Since there were 3 sons of the c. 1030 Sir William of Malpas, this chart shows how a great-grandson managed to hold 1/2:
1030 Sir William (100% of Malpas)
l l l
1060 William II (1/3) 1065 Ralph (1/3) 1060 David (1/3)
_______l_______ l l
l l l l
1090 William III 1090 David=====Margaret 1090 Einion (1/3)
(1/6) (1/6) l (1/3)
1120 William (1/2)
William of c. 1120 had sons David (the man at the top of Ormerod's chart) and Phillip Goch, between whom his 1/2 of Malpas was divided. Thus all the generations in Ormerod's chart held 1/4 of Malpas. The line "daughtered-out" with Beatrix; her 1/4 of Malpas went to her daughter Isabella, thence to that lady's son by Richard de Sutton.
3. Other pedigree citations:
a. Burke's Dictionary of the Peerage & Baronetage claims that "William le Belward, baron of Malpas, married Beatrix, illegitimate daughter of Hugh, Earl of Chester
b. County Families of Lancashire and Cheshire claims that "William le Belward married Tanglust a natural daughter of Hugh Cyfeiliog, Earl of Chester.
c. The 1580 Visitation of Cheshire claims that Ralph, Baron of Malpas, married Beatrix sister of Hugh Cyfeiliog.
Only item (c) above is chronologocally possible as the citations read. Hugh Cyfeiliog, 5th Earl of Chester, was born about 1147. His sister, Beatrix, could have been born c. 1135/40 and married Ralph ap Einion of c. 1125. Any daughter of Hugh Cyfeiliog would not have been born until c. 1175/80; the only William in the entire Malpas family who might have married such a lady is the one who married Beatrix Montalt, the seneschal of the Chester Earls.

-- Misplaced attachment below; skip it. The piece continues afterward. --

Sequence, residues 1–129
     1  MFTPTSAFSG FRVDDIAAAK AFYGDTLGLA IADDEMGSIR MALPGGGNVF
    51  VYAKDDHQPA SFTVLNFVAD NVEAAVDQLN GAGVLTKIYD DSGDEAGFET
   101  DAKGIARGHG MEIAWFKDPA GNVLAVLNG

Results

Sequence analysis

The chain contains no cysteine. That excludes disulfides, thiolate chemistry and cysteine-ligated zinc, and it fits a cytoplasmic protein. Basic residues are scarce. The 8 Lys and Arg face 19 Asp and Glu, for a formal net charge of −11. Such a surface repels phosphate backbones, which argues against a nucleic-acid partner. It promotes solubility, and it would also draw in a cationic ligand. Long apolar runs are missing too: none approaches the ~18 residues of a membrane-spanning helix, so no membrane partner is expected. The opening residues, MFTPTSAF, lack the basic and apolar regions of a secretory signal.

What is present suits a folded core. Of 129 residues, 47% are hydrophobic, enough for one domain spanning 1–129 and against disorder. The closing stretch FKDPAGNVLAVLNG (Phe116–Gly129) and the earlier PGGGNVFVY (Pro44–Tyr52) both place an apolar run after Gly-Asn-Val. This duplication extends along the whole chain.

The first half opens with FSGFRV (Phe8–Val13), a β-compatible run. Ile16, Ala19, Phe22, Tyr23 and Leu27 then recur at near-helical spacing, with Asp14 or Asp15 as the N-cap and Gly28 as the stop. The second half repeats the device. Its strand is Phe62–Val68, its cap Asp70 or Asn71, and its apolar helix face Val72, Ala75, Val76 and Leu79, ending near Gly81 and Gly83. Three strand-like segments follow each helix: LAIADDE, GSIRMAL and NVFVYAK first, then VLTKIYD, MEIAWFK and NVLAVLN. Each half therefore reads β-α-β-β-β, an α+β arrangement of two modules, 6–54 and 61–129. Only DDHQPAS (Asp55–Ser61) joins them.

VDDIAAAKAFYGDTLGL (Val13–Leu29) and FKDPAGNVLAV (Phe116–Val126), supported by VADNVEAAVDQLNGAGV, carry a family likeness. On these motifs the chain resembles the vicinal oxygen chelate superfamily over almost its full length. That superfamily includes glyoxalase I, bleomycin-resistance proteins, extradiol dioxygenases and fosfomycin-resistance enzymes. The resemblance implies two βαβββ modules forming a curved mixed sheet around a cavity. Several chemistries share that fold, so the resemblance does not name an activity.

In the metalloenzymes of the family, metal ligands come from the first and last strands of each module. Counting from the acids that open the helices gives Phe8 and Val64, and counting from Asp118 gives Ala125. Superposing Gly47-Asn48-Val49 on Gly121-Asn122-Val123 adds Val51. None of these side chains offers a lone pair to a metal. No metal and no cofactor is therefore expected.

The Beatrix of item (a) was actually the daughter of Robert de Montalt, while the Tanglust of item (b) was a base daughter of Hugh the Fat, Earl of Chester. If item (a) had called the lady Tanglust instead of confusing her with Beatrix the sister of Hugh Cyfeiliog, then we'd have the very earliest marriage....that of the c. 1060 William II of Malpas.
When we correctly identify the people named in the 3 citations, we would have:
a. William II son of Sir William le Belward, born c. 1060, married Tanglust born c. 1075, a base daughter of Hugh the Fat, Earl of Chester
b. Ralph ap Einion ap Dafydd ap Sir William, born c. 1125, married Beatrix, born c. 1135, a daughter of Ranulf de Gernon, 4th Earl of Chester, and sister of Hugh Cyfeiliog.
c. William ap David ap William ap David ap William II ap Sir William, born c. 1180, married Beatrix, daughter of Robert de Montalt, seneschal to the Earl of Chester.
d. None of the Malpas men married a daughter of Hugh Cyfeiliog, but one did marry Hugh's sister.
David de Egerton, of Malpas's Timeline
Malpas, Cheshire, England
Egerton, Nantwich, Cheshire, England, (Present UK)
Malpas, Cheshire, , England
Egerton, Malpas, Cheshire, England
Cheadle, Greater Manchester, England